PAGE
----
Obama, Iran’s President Rouhani Discuss Diplomacy Prospects in a Phone Call

At the United Nations General Assembly, two diplomatic breakthroughs emerged: a draft resolution to eliminate Syria’s chemical weapons, plus an agreement among the permanent members of the UN security council with Iran to revive negotiations over that country’s nuclear programs. Margaret Warner reports from New York.

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    Now to breakthroughs on the diplomatic front.

    President Obama spoke by phone to Iran's president this afternoon, the highest-level conversation between the two nations since 1979. And the U.N. Security Council is poised to approve a resolution on Syria tonight.

    Margaret Warner reports.


    We're very hopeful about the prospects for what can be accomplished, but, obviously, there is a lot of work to be done.


    Meeting with India's prime minister, President Obama hailed the draft U.N. resolution to eliminate Syria's chemical weapons.


    I have always expressed a preference for resolving this diplomatically, and I appreciate all our international partners in working very hard over the past several days to make sure that we could arrive at a resolution that not only deters and prevents additional chemical use, but actually goes beyond what could've been accomplished through any military action, and that is the removal of chemical weapons, one of the largest stockpiles in the world.


    The measure, going before the full Security Council tonight, requires Syria to surrender its chemical weapons for destruction and give weapons experts full access to ensure compliance.

    But if Syria balks or cheats, the U.S. and its allies would need a separate resolution if they want U.N. approval to impose sanctions or military action. That was seen as a victory for Syria's ally Russia. And Foreign Minister Sergei Lavrov warned the U.N. General Assembly today there's no place for unilateral action, as President Obama had threatened.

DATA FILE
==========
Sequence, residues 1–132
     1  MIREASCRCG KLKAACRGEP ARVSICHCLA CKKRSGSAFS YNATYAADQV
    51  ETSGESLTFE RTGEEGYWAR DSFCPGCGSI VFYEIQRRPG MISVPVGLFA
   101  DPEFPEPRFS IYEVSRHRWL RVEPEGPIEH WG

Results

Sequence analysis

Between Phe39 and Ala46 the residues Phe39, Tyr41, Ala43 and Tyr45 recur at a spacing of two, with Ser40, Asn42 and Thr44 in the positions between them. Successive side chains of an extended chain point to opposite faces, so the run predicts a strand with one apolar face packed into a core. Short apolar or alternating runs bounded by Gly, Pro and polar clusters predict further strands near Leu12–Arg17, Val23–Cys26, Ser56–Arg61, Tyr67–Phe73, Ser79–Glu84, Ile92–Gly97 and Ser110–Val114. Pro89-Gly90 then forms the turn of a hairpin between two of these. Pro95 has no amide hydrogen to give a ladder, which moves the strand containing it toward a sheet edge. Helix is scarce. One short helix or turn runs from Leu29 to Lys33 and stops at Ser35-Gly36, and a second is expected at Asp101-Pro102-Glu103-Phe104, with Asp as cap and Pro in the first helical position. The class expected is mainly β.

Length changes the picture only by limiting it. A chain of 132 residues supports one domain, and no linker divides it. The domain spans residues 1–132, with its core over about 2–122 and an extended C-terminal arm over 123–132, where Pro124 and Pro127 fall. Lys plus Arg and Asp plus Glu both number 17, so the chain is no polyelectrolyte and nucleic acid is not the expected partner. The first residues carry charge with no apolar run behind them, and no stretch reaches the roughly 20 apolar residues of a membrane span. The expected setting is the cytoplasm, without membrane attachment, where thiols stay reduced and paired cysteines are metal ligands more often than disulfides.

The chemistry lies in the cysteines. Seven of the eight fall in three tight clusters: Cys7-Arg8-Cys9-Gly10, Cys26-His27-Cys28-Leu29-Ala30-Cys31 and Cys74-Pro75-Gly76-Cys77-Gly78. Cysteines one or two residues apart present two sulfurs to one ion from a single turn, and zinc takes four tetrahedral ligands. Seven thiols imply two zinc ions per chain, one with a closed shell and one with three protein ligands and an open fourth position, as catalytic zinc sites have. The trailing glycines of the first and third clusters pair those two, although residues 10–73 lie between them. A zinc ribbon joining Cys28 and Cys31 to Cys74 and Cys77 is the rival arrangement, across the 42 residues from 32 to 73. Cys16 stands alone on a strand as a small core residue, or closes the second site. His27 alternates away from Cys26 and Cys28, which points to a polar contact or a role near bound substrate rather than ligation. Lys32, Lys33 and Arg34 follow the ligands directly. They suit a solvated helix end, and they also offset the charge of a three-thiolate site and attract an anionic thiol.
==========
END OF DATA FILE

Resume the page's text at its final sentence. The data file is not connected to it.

• SERGEI LAVROV, Russian Foreign Minister:

    There is no doubt that leadership is required. However, today, it can be only collective leadership based on the agreed-upon actions of the leading members of the international community.


    Meanwhile, in Damascus, U.N. inspectors prepared to investigate seven more sites where such weapons were allegedly used, including three incidents since the Aug. 21 attack that the U.S. says killed more than 1,400.

    There's also been movement at the U.N. this week on resolving the impasse over Iran's nuclear program. The permanent members of the Security Council, plus Germany and Iran, agreed last night to review negotiations next month.

    All week, new Iranian President Hassan Rouhani has been sounding notes of moderation. He told reporters in New York today that he had heard a new tone from other leaders, too.


    In speaking with senior European officials and also hearing Mr. Obama, the president of the United States, it seemed that they sounded different compared to the past, and I view that as a positive step in the settlement of the differences between the Islamic Republic of Iran and the West.


    Still, skeptics, including Israel, fear Iran may be intending to exploit negotiations to keep beefing up its nuclear enrichment capability, as has happened in the past. Rouhani's answer was emphatic.


    We say explicitly that we do not seek a bomb. We say explicitly that we believe that the building of the bomb is dangerous for us, for our region. We say explicitly that, in our defense doctrine, there is no room for weapons of mass destruction.


    Later, in the White House Briefing Room, President Obama said he had spoken to the Iranian president by phone today.


    I reiterated to President Rouhani what I said in New York. While there will surely be important obstacles to moving forward and success is by no means guaranteed, I believe we can reach a comprehensive solution.


    Iran said it will present a specific proposal to resolve the standoff at next month's talks in Geneva.


    I spoke to Margaret, who is reporting from the United Nations, just a short time ago.

    Margaret, hello again.

    It has been a remarkable week at the United Nations in New York, culminating with this phone call President Obama just disclosed this afternoon that he had with the Iranian president, historic, the first contact between the two leaders since 1979. How significant is this?